Leading a healthy lifestyle includes one important thing: starting your day right with a healthy breakfast.

There are a number of choices for breakfast fare, and for people on the go, it can be easy to forget what foods constitute a healthy breakfast. Here are some of the things you should avoid.

Pastries. One of the more convenient breakfast foods to get is a pastry – from cinnamon rolls to Danish, toaster pastries to coffee cakes, there is a wide array of yummy breakfast treats to choose from. While they are heavenly to the palate, we should stay away from these foods due to their high sugar content, and their being a source of extra carbohydrates, which would leave you feeling hungry sooner.

Instead of sinking your teeth into these pastries, opt for a slice of whole grain toast, or an English muffin.

Egg dishes with extra stuff. This is an example of how an inherently healthy ingredient may be rendered unhealthy. While eggs in themselves are a good source of protein and vitamins, adding extra helpings of fat and cholesterol will balance out the good that it can do. For a healthier egg dish at breakfast, instead of going for cheesy omelets and eggs benedict with hollandaise sauce, try preparing omelets with green peppers, onions and avocados, or frying eggs in a healthy vegetable oil.

Fruit juice. One might wonder why this is included, but it all depends really on the type of fruit juice that you are having. Some of the commercially-produced fruit juices have added sugar, which would make it no different from having soda at breakfast. Try eating your fruit instead of drinking them out of a package for breakfast – or try making them yourself, from natural fruit.

Health & Wellness

More Tips on Keeping Food Safe During a Hurricane

Published by:

In a previous post, we shared tips from the Food and Drug Administration, regarding how to keep food safe when the power goes out during a hurricane. We now share a few more. When the power goes back on, remember to do the following things:

• Check the temperature of the freezer with an appliance thermometer, especially if power has been out for several days. A thermometer reading of 40 degrees Fahrenheit or below indicates that the food in the freezer is safe to re-freeze.

• If there is no thermometer, examine each package of food to determine safety. If the food in the package still contains ice crystals, then the food is still safe. Remember NOT to taste the food to determine safety.

If the food got wet, take note of the following things:

• DO NOT eat food that got wet. Flood water may contain sewer overflow or feces from the ground, which may carry dangerous diseases. This includes foods packed in plastic, paper, cardboard, cloth, and similar containers, as well as food and beverage stored in screw-caps, snap lids, crimped caps, twist caps, flip tops, and home-canned foods.

• Metal pans, ceramic dishes, and utensils that came in contact with flood water should be washed thoroughly in hot, soapy water, and sanitized by boiling in clean water or immersing them in 15 minutes in a solution that consists of 1 tablespoon of unscented, liquid chlorine bleach for each gallon of drinking water.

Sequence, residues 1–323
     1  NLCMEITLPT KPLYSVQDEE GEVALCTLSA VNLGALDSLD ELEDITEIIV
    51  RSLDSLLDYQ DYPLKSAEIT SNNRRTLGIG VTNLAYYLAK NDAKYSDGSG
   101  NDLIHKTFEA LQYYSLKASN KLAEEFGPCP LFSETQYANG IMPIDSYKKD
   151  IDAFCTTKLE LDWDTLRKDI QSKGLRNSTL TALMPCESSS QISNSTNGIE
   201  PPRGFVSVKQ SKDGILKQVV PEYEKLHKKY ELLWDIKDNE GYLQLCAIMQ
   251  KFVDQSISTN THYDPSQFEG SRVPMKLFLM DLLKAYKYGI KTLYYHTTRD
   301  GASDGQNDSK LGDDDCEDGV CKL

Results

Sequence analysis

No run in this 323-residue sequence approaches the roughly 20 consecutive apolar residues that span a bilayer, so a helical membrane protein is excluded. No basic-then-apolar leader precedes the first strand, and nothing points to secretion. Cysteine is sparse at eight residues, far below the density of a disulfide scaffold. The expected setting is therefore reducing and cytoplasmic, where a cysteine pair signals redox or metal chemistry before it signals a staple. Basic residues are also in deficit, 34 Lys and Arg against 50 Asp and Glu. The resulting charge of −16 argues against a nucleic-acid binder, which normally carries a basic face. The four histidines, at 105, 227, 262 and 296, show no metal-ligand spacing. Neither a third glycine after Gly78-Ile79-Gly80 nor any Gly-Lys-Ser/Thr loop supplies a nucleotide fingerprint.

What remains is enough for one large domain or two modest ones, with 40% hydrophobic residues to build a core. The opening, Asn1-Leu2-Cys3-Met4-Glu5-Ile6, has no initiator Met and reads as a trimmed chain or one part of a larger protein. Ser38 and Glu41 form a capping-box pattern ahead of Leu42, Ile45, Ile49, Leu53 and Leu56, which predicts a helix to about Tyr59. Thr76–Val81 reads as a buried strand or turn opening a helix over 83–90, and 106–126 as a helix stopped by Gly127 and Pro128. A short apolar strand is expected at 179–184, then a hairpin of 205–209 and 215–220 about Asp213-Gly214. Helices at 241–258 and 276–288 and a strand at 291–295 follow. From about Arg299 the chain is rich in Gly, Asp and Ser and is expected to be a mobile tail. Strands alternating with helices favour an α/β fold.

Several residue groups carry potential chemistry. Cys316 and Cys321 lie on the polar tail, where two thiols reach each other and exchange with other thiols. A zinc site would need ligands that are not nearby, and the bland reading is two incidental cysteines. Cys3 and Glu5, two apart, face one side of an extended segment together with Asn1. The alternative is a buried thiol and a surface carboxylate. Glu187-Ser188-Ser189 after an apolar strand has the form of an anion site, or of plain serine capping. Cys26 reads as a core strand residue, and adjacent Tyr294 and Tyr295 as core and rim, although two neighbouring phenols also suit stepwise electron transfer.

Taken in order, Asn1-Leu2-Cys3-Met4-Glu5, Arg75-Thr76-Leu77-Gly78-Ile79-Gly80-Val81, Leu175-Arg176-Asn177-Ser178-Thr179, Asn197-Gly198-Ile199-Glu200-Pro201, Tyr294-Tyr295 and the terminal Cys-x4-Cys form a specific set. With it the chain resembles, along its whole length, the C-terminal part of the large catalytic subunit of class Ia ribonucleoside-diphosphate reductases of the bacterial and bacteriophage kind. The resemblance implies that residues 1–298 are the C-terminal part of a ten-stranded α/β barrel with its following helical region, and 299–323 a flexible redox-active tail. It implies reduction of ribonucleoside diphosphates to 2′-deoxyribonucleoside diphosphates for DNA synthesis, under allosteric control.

• Get rid of wooden cutting boards, plastic utensils, baby bottle nipples, and pacifiers.

• Wash and sanitize commercially-prepared foods stored in undamaged all-metal cans, shelf-stable juice, or seafood pouches. Labels that may harbor bacteria should be removed.

Health & Wellness

Tips for Food Safety During a Storm

Published by:

Hurricane Irene has made landfall and is making its way through the East Coast, and it seems a good a time as any to share food safety tips provided by the Food and Drug Administration (FDA).

One of the things that may happen during an exceptionally strong and heavy storm is that power goes out. If this does occur, follow the following steps:

• Group all food in the freezer, to help them stay cold longer. It helps if ice has been stored beforehand to help keep food cold later on.

• Help stretch and maintain cold temperature in freezers and refrigerators longer by keeping them closed as much as possible. A closed refrigerator may keep food safely cold for about 4 hours, while an unopened freezer will hold temperature for about 48 hours, or 24 hours if it is half-full.

• After 4 hours without power, get rid of such perishable food as meat, poultry, fish, soft cheeses, milk, eggs, leftovers, and deli items. When it comes to food, people are reminded not to taste food to see whether these are still safe.

• If it is determined that power is going to be out for a long time, get hold of dry or block ice in order to keep your refrigerator and freezer cold for as long as possible.

Health & Wellness

Will Half of Adults in the US be Obese in 20 Years?

Published by:

A report published in the British journal The Lancet revealed that if current trends were to continue, half of adults in the United States will be obese by the year 2030.

One way to make a shift in the trend is for the government to prioritize making changes to the food environment, such as making healthy foods cheaper and less healthy foods more expensive through tax strategies, and changing the way foods are marketed.

International public health experts said that the global obesity crisis may steadily grow worse, unless governments, international agencies, and other major organizations will take concrete steps towards monitoring, preventing and controlling obesity.